Social and human service assistants assist other social and human service providers in providing client services in a wide variety of fields, such as psychology, rehabilitation, and social work, including support for families. They may assist clients in identifying and obtaining available benefits and social and community services and assist social workers with developing, organizing, and conducting programs to prevent and resolve problems relevant to substance abuse, human relationships, rehabilitation, or dependent care.
Social service assistants perform entry-level roles in social work, rehabilitation, and other social services fields, serving homeless people, immigrants, former prison inmates, veterans, struggling families or children, and the elderly.
They work at lower-level positions for social workers, and the jobs often function as stepping stones to their becoming licensed social workers themselves.
Social and human service assistant jobs description do not need a postsecondary degree and sometimes, even high school graduates without higher education can secure assistant positions. While training usually occurs on the job, employers look for candidates with some previous work experience. It can take up to two years to become a social and human service assistant.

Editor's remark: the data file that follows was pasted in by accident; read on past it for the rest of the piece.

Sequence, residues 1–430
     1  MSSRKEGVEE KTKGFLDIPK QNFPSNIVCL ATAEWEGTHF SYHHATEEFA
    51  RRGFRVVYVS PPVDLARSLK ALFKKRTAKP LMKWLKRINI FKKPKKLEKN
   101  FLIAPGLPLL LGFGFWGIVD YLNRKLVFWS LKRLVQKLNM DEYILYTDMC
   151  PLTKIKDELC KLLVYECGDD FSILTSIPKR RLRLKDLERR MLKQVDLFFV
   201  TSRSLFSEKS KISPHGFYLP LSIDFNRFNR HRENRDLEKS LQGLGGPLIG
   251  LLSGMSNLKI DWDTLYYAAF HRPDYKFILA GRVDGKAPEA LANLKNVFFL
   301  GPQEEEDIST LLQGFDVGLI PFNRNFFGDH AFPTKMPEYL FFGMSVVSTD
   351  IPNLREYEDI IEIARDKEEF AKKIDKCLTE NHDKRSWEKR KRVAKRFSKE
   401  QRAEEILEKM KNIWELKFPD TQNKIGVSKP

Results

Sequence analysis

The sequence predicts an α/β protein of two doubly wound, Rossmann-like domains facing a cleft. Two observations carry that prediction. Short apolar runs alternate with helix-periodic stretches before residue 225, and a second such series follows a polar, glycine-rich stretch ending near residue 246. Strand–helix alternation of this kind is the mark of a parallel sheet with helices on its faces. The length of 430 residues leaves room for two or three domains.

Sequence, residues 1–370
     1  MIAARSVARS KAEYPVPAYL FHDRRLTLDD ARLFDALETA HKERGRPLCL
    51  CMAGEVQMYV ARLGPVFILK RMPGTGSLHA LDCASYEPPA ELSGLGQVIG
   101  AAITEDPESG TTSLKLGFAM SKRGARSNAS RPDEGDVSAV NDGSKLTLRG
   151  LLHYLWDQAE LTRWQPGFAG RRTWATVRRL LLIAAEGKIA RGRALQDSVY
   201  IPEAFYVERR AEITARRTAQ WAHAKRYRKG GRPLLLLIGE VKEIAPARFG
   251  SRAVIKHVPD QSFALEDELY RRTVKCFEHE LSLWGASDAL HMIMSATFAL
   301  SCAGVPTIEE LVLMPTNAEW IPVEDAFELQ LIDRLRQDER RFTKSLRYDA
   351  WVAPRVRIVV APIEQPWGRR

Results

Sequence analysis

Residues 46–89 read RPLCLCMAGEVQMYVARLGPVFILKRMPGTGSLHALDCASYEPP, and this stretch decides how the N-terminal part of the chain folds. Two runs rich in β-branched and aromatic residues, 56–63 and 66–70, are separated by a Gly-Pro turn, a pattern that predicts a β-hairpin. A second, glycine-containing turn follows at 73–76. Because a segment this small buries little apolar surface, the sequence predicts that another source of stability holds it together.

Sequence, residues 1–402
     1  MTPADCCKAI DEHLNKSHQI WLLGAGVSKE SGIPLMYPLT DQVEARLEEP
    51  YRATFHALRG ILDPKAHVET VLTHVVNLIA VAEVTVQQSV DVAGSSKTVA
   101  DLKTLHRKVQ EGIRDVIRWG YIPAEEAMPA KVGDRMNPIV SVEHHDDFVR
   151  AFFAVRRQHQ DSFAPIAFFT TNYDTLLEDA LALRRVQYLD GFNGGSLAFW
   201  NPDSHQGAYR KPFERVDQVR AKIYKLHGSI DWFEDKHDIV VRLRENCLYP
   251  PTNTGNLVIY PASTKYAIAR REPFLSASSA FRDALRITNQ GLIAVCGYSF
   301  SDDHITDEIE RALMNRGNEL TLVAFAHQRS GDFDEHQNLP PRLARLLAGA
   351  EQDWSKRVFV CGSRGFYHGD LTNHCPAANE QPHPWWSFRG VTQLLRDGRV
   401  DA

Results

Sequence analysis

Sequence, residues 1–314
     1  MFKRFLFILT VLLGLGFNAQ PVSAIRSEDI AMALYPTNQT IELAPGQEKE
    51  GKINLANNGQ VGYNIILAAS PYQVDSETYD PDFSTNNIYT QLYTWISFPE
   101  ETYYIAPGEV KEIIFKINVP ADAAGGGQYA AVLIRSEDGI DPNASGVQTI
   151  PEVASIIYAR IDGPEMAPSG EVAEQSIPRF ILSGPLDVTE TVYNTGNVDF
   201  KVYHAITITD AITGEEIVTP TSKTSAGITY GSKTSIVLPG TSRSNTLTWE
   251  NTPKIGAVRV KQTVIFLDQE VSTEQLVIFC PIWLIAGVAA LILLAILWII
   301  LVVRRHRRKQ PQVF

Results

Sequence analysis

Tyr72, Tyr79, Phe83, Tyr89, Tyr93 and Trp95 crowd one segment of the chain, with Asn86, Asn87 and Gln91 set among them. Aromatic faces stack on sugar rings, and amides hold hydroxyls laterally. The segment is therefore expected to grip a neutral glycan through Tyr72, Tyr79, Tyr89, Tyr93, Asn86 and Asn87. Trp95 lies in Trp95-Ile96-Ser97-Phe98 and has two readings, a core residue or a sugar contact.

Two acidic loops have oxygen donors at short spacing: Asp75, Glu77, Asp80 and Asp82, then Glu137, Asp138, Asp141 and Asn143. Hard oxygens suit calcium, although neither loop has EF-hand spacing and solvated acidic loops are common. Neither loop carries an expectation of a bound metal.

Social and human service assistants' salaries can be in five-six figures depending on their experience and skills. They work in hospitals, shelters, clinics, and group homes. They commonly work at individual and family services organizations, but also find employment at nursing homes, residential care facilities, local and state government groups, and community services centres.
To succeed in social service jobs, one must assist and care for others, maintain interpersonal relations, provide consultations to others, resolve conflicts, think creatively, be able at decision making, problem-solving, communication and working with computers.
Every career requires an element of study and academic qualification, and there can be several study routes and pathways you can take. In following any academic pathway you will study subjects that contribute to the specialised knowledge required to achieve your career goals. These qualifications provide a future employer with the evidence that you have the desired knowledge, understanding and experience of their industry, so it’s important to consider the various types of qualifications available to you and to understand how they can boost your career and create opportunities for you.
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